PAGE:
Childcare centre, law firm among dozens of new exposure sites
Health authorities added dozens of COVID-19 exposure sites on Friday, including the offices of professional services firm EY in Melbourne’s CBD and a caravan retailer in the city’s north.
Both sites were listed as tier-1 exposures over multiple days and anyone who was there during the specified times is required to get tested and isolate for 14 days regardless of the result.
A Cragieburn childcare centre in Melbourne’s north was also added as a tier-1 venue along with various work sites across the city, including a demolition contractor in Malvern, an electrical wholesaler in Coburg North and a Linfox national distribution centre in Somerton, in the city’s north.
Tier-2 additions included a cafe at the Northern Hospital in Epping, a metro train line, a KFC in Fawkner and a public housing tower in North Melbourne.
Police watching roads out of Melbourne as regions exit lockdown
Victoria Police are patrolling roads leading out Melbourne in a bid to stop city residents fleeing to the country, where some lockdown restrictions were eased from midnight, warning anyone caught breaching the rules would be fined $5452.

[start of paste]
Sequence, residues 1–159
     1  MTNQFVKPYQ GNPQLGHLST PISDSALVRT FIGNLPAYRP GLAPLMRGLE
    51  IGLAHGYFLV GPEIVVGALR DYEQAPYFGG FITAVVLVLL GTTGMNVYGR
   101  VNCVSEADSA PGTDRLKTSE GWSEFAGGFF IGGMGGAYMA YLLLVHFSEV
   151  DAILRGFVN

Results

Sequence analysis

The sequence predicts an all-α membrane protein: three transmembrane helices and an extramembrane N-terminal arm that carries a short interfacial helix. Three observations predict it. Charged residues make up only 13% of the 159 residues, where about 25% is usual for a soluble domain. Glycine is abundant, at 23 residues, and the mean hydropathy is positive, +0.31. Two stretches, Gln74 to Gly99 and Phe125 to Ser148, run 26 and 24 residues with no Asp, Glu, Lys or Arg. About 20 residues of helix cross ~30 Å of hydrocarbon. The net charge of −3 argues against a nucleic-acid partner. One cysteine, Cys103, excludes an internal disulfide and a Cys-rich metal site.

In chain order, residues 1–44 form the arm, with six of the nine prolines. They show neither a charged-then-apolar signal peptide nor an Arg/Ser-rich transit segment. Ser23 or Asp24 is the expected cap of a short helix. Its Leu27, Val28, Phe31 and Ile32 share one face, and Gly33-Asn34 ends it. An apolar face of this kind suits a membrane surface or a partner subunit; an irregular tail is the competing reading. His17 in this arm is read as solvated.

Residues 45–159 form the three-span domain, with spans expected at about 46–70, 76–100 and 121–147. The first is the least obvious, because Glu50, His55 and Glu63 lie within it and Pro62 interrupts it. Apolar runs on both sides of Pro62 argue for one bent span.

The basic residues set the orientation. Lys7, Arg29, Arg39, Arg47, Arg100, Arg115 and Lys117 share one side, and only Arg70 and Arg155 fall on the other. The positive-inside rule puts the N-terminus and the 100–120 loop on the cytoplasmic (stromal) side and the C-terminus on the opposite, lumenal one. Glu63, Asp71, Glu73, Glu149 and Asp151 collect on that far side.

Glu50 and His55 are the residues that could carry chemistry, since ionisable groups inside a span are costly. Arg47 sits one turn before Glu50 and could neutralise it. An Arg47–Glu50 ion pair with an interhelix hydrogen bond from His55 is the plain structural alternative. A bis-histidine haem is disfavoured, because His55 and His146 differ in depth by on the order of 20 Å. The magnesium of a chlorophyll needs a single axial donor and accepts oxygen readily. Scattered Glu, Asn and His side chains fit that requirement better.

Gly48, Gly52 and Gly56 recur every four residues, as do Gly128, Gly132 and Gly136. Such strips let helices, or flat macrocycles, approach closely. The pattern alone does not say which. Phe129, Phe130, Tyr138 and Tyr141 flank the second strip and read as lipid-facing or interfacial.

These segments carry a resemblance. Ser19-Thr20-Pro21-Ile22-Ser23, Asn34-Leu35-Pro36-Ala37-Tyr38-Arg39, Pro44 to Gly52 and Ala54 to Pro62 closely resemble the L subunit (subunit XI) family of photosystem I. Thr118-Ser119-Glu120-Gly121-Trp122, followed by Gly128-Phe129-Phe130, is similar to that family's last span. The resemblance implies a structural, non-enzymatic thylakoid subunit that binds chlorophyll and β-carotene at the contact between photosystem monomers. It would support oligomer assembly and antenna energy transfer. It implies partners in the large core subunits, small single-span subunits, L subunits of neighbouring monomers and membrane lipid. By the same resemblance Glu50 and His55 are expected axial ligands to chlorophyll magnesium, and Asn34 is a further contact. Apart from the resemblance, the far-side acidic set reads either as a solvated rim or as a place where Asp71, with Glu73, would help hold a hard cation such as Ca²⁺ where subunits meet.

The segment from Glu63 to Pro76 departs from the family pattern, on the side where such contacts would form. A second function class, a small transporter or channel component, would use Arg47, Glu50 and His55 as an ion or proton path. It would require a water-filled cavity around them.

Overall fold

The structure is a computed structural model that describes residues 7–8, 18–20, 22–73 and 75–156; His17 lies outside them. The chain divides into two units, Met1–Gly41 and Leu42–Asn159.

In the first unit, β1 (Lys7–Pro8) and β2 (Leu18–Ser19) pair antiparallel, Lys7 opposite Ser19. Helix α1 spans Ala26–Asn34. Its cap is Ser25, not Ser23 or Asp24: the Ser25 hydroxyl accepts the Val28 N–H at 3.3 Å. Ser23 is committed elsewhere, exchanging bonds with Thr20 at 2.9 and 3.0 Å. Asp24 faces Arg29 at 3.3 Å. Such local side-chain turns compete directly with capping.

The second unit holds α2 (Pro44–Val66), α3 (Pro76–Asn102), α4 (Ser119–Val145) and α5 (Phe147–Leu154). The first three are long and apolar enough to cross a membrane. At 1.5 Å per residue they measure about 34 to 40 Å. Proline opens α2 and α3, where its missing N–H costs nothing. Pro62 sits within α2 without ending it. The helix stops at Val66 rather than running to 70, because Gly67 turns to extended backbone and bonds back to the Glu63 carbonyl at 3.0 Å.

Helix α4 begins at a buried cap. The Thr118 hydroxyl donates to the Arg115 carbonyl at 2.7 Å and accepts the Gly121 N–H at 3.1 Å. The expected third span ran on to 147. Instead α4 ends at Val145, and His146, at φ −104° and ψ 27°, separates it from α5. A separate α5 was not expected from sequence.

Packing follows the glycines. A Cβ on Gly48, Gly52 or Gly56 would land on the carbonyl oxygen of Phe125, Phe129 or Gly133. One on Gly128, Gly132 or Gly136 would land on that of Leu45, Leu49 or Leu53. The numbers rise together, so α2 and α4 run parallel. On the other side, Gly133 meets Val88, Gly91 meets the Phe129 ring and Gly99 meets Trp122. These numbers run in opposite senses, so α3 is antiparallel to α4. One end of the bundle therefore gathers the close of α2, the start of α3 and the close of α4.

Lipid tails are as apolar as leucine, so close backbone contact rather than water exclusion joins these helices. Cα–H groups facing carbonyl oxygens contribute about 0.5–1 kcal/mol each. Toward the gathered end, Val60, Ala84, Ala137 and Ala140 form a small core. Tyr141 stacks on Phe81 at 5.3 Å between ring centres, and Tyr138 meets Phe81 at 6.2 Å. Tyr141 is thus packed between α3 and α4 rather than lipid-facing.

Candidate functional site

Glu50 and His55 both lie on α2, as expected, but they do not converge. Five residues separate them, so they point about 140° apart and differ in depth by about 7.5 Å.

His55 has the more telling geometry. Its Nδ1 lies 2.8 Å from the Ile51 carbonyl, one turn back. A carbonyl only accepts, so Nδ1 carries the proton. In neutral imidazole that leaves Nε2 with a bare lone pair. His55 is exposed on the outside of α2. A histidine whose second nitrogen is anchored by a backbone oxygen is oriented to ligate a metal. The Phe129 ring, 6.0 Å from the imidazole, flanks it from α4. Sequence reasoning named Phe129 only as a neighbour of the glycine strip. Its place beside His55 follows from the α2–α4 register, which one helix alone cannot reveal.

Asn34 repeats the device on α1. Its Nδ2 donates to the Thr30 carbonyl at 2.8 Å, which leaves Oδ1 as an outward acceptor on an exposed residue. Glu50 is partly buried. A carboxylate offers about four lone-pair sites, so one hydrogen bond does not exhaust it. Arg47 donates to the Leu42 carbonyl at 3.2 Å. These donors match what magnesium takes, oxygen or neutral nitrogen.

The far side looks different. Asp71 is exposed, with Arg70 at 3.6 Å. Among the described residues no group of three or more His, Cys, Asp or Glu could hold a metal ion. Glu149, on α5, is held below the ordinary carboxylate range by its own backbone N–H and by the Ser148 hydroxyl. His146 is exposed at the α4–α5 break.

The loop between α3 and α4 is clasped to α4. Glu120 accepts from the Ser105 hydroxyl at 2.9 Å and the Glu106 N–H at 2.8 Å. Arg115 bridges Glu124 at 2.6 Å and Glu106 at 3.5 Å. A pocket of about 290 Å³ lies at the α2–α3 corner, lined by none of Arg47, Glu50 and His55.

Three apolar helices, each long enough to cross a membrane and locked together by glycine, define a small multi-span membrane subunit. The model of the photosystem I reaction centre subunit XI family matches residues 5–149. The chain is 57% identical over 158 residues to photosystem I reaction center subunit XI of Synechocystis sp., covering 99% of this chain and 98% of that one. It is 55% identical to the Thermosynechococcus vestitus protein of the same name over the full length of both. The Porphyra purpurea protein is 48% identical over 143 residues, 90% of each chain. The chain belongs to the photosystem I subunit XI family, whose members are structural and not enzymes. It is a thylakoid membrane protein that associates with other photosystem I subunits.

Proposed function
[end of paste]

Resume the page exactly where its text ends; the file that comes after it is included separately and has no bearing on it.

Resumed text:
However, Deputy Commissioner Rick Nugent told radio station 3AW only one person had been fined overnight.
“Other than that it was very, very quiet. We were not seeing the exodus of people which is fantastic,” Mr Nugent said.
Booze buses have also been deployed at random checkpoints as part of the police operation and officers will be monitoring tourist areas such as the surf coast over the weekend.
Police are also checking identification of people on V/Line trains and in venues in regional towns.
VCAT hearings postponed due to potential COVID-19 exposure
All hearings listed with the Victorian Civil and Administrative Tribunal (VCAT) for Friday and Monday have been postponed after a potential COVID-19 exposure.
A spokesperson said the tribunal was working closely with the Department of Health “in relation to a potential exposure of a COVID-19 case at a VCAT premises earlier this week”.
“All VCAT matters listed for Friday 10 September and Monday 13 September have been postponed. Parties that are impacted by these adjournments will be updated on their new hearing dates as soon as possible.”